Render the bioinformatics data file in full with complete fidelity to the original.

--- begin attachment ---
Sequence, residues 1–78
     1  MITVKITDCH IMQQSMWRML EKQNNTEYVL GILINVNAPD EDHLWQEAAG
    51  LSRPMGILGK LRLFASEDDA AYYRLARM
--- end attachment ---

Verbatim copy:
Sequence, residues 1–78
     1  MITVKITDCH IMQQSMWRML EKQNNTEYVL GILINVNAPD EDHLWQEAAG
    51  LSRPMGILGK LRLFASEDDA AYYRLARM